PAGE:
Wednesday, February 1, 2017

As Fires Burn, Chile Finds Itself Short on Firefighting Aircraft

A historic wave of forest fires has left much of Chile charred, a disaster that has underscored a lack of aircraft capable of fighting blazes. Fueled by years of drought, dozens of forest fires have broken out in the central and southern parts of the country. Teams from South America, France and other nations have rushed to the aid of Chilean crews overwhelmed by the sheer scale of the inferno. Some of those countries provided helicopters and airplanes with water-dropping equipment. Good thing, because apart from some helicopters dunking large buckets of water, the military has no aircraft with specialized equipment. Brazil's air force sent a pair of C-130 Hercules that are capable of spraying large areas of flames, and some planes like that would be valuable in Chile, where forest fires break out every year. As they do in any disaster, Chile's armed forces jumped into action with bulldozers, security forces and other resources. Many soldiers have been pressed into service as firefighters. Military helicopters and planes are being used to ferry firefighters and equipment. Now, they may get some firefighting equipment. A group of lawmakers is pushing to create a firefighting brigade within the military, and to acquire airplanes specially equipped to battle fires, according to a report posted in Noticias FFAA Chile. As long as the military is responding to disasters, it will need to make firefighting one of its areas of responsibility.

Saturday, January 21, 2017

Patrol Vessel Program Expands Into Warship Role

The Navy is getting more ambitious with its offshore patrol vessel program. What began as a four-unit fleet of modestly armed boats quickly was increased to five, and the newer ships have a 76 mm main gun. (The first two OPVs had a 40 mm gun.) Now, the Navy says it's considering using the successful Fassmer-class platform to build corvettes. Chile needs to replace its three remaining missile boats, and hopes the replacement ships will increase capabilities. After putting three OPVs into service since 2007, the Navy's Asmar shipyard has gained valuable experience building the 1,850-ton vessels and feels confident to take on a larger project. This is not a new idea. From the beginning of the program, the Navy had an eye on evolving its OPVs into small combat ships. A report in Jane's, via Noticias FF AA Chile, notes that the new ships could be operational by the time the three Saar 4 missile craft will be retired, within a decade. The corvettes might also be called  littoral combat ships, and they would carry anti-ship missiles and an air defense system, plus more sensors. Removing the hangar and landing deck on the existing design, Chile's OPVs would have enough room to add those components. Jane's report says the corvettes would be at least 2,200 tons.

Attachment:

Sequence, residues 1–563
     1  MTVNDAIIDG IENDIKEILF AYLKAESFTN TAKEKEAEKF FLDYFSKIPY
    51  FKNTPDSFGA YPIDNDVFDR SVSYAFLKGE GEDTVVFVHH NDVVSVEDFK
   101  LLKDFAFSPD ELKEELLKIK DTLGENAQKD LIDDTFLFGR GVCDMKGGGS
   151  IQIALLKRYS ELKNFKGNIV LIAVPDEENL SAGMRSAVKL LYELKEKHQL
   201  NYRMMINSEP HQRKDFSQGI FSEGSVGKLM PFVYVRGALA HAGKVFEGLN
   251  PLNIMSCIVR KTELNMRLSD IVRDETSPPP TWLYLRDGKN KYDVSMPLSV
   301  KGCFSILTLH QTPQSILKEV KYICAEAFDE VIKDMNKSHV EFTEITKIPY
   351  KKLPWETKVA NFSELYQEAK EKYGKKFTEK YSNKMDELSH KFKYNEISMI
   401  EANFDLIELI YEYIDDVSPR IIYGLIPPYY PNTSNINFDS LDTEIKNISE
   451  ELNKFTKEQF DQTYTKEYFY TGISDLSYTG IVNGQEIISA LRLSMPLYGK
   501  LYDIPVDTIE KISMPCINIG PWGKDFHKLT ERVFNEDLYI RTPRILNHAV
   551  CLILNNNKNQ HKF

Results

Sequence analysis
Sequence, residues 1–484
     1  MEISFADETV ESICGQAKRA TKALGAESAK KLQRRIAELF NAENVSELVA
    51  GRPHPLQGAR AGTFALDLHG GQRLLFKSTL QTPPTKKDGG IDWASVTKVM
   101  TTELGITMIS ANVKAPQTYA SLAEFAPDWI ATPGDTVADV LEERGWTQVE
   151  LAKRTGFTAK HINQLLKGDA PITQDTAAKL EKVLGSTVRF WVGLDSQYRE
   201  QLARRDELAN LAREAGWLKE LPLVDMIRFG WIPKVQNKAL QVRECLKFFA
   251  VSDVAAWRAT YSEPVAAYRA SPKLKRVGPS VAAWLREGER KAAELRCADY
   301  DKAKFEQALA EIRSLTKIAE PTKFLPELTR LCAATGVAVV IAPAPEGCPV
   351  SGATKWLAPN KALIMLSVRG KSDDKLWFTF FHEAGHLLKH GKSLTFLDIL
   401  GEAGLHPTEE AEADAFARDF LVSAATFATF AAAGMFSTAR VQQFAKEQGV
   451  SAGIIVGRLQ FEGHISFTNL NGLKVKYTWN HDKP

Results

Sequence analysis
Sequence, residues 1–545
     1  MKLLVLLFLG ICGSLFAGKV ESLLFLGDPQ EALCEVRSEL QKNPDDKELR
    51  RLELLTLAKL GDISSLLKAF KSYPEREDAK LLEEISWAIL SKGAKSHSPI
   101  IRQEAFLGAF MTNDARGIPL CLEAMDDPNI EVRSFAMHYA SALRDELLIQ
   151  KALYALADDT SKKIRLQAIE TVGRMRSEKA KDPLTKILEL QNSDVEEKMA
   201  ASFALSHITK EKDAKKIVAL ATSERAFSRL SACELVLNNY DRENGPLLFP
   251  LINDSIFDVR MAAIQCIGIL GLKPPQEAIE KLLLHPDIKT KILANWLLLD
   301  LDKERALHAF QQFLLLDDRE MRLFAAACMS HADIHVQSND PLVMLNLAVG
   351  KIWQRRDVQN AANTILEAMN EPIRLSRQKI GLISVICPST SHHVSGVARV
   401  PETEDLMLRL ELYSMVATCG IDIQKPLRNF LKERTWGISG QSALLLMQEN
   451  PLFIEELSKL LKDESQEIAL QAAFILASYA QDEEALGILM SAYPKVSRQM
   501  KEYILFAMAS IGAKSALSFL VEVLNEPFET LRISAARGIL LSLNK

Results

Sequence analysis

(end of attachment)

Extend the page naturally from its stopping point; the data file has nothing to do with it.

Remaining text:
Saturday, December 31, 2016

Navy Decides on Upgrades as it Faces Scandal

The Navy has been the most active of Chile's military branches this month, for good and bad. The three Type 23 frigates, the most modern of the fleet, will undergo extensive upgrades. Those include installing the Sea Ceptor air-defense missile to replace the Sea Wolf that came with the purchase of the vessels from Britain. The Sea Ceptor, which has a range of 25 km, is made by MBDA Missile Systems, a European consortium. The Type 23s also are getting the TRS 4D radar system from Airbus Defense and the CMS 330 naval combat system from Lockheed Martin Canada, according to Defensa.com. The project exceeds $180 million, and Chile's Asmar and Sisdef will participate in the project. Defensa.com also has reported that the Navy acquired Exocet Block III anti-ship missiles for at least one of its frigates, in what could be the first time the Exocet replaces the U.S.-made Harpoon system. Earlier this year, the Navy signed a contract with Canada-based IMP Aerospace for a major upgrade of P-3 Orion maritime reconnaissance aircraft, according to InfoDefensa. The project includes replacing parts of the wings and horizontal stabilizer on two P-3s plus new avionics systems and improved engines. Now, for the bad news: Nine sailors are under investigation for secretly installing video cameras with the intention of secretly taping female sailors aboard the frigate Almirante Lynch. The sailors face criminal charges and the scandal could hurt Chile's efforts to integrate more women into the armed forces. Update: The first Orion has left Chile to undergo its midlife upgrade, the Navy announced. The work will extend the service life of each P-3 by about 20 years.